by Kan Namba, student, Climate Change Corp/Leadership in Forestry Training, UNM-Taos
Over the summer of 2020, Darin Abeyta and myself, interns with the Climate Change Corp/Leadership in Forestry Training (CCC-LIFT) program at UNM Taos, had the opportunity to perform a groundwater study at Rio Fernando Park. We dug monitoring wells in a straight line, also known as a transect, across the property, and measured the depths of the wells to determine the groundwater levels and the direction of flow.
The first step in installing monitoring wells was to run a transect across the property. We used a sight level to get a straight line from the domestic wellhead, across the Rio Fernando, to the fence line across the property. We then dug holes with a hand auger until we reached water. We cut slits in 1.25 inch PVC pipe at half-inch intervals and installed a screen at the bottom of the pipe to allow for groundwater to flow in and out. The pipes were installed into the holes with roughly 50 pounds of sand surrounding each pipe in each hole. The holes were then backfilled and the elevations of the pipes above ground were taken with a sight level. We installed four wells on the transect and one more for a triangulation point to determine groundwater flow. Water levels were recorded 3-4 times a day with a 1/100ft water level meter.
In our readings of the monitoring wells, we have found that the groundwater does sit almost level across our transect. This was an exciting discovery, as there is a 7.5-foot elevation change in terrain from upland to the Rio Fernando. The Rio Fernando read a level slightly lower than the rest of the monitoring wells. This indicates that the groundwater, from the uplands, flows towards the Rio Fernando. This is referred to as “gaining reach” or a “gaining stream.”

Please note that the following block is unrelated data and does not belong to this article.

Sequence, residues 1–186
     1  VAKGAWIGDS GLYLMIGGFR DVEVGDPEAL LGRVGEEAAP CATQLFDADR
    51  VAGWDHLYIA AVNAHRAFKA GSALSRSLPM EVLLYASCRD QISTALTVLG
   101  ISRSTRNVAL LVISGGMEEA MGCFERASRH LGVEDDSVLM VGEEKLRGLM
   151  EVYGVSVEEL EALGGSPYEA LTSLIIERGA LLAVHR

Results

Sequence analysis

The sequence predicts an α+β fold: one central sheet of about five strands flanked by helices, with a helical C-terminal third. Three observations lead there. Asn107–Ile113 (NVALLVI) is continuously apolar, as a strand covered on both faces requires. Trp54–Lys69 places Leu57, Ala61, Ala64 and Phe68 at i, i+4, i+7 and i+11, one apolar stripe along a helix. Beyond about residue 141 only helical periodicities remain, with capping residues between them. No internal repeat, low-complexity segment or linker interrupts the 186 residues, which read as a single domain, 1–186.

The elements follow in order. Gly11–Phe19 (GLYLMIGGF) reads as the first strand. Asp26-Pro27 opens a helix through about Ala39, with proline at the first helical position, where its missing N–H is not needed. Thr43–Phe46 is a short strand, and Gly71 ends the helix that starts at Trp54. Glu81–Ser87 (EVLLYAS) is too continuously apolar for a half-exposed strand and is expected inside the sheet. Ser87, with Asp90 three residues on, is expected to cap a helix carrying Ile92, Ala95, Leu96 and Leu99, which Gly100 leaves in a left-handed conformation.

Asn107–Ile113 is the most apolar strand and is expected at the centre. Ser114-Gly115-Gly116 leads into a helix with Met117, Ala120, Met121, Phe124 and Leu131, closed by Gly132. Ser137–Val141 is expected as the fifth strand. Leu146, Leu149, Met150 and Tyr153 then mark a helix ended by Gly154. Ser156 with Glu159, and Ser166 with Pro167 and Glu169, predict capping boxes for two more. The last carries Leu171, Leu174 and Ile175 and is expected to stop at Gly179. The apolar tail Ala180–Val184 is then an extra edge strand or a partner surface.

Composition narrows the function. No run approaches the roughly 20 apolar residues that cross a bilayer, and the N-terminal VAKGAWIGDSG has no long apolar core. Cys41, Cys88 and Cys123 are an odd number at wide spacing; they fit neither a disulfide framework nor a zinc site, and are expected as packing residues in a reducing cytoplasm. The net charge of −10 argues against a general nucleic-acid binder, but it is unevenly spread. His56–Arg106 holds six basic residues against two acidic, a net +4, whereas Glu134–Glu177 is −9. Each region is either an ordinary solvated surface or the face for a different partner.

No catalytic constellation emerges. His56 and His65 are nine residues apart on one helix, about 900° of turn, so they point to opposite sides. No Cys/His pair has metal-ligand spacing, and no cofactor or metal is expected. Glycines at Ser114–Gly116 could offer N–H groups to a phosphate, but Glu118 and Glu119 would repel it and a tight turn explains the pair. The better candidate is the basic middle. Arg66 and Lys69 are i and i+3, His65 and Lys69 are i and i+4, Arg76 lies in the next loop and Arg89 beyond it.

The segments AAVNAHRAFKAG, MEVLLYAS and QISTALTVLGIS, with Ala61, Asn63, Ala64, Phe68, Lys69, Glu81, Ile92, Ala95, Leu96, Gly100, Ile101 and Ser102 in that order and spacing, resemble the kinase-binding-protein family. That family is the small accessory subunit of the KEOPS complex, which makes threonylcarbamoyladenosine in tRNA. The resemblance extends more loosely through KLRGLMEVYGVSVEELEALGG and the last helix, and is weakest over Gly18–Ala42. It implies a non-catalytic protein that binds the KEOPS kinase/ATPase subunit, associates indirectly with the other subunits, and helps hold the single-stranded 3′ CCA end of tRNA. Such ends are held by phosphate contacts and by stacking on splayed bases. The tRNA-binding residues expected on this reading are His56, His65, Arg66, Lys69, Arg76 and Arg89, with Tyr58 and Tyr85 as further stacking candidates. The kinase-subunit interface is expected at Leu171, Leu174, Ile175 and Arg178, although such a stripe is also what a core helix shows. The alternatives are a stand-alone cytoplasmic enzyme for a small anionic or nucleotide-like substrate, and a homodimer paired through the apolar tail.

The flow of groundwater and the rate of flow can be calculated when there are three monitoring wells spaced in a triangle, which we installed. Distances between wells and depths of groundwater are needed to make the calculations for groundwater flow. Groundwater flow triangulation determined that the groundwater does flow from the upper wells towards the Rio Fernando. It flows at a rate of 0.42 meters per day, or, roughly 1.5’ feet per day. At our monitoring well sites, we have determined that the groundwater flowed from the east to the southwest.
While we were at it, we also gathered data on the domestic well. We measured the water level depth 3-4 times a day, once a week, with a water level meter. We took the averages of the well water depths and observed a drop in water level as the summer progresses. In June the well-measured an average depth, from the top of the well casing to water, of roughly 11.6 feet. In July it measured an average of 12.4 feet and in August it measured an average of 13.1 feet. This means that the water level in the well dropped 1.5 feet in 3 months.
At the start of our recordings, we hypothesized that the groundwater would be level across our transect and close to the surface where the Rio is located. We also hypothesized that the water would flow from east to west, into the Rio Fernando. Our findings supported our claims, we took elevations at each monitoring well and made a cross-section to see that the groundwater was almost level under the ground. We also proved our hypothesis on flow direction when triangulating three well points.
This has been one of the most exciting and informative summer internships that either Darin or I have had. We are grateful to have had the opportunity to perform this groundwater study. It could not have been possible without the support and resources of the Taos Land Trust. We are excited to see more data from the monitoring wells as the years progress.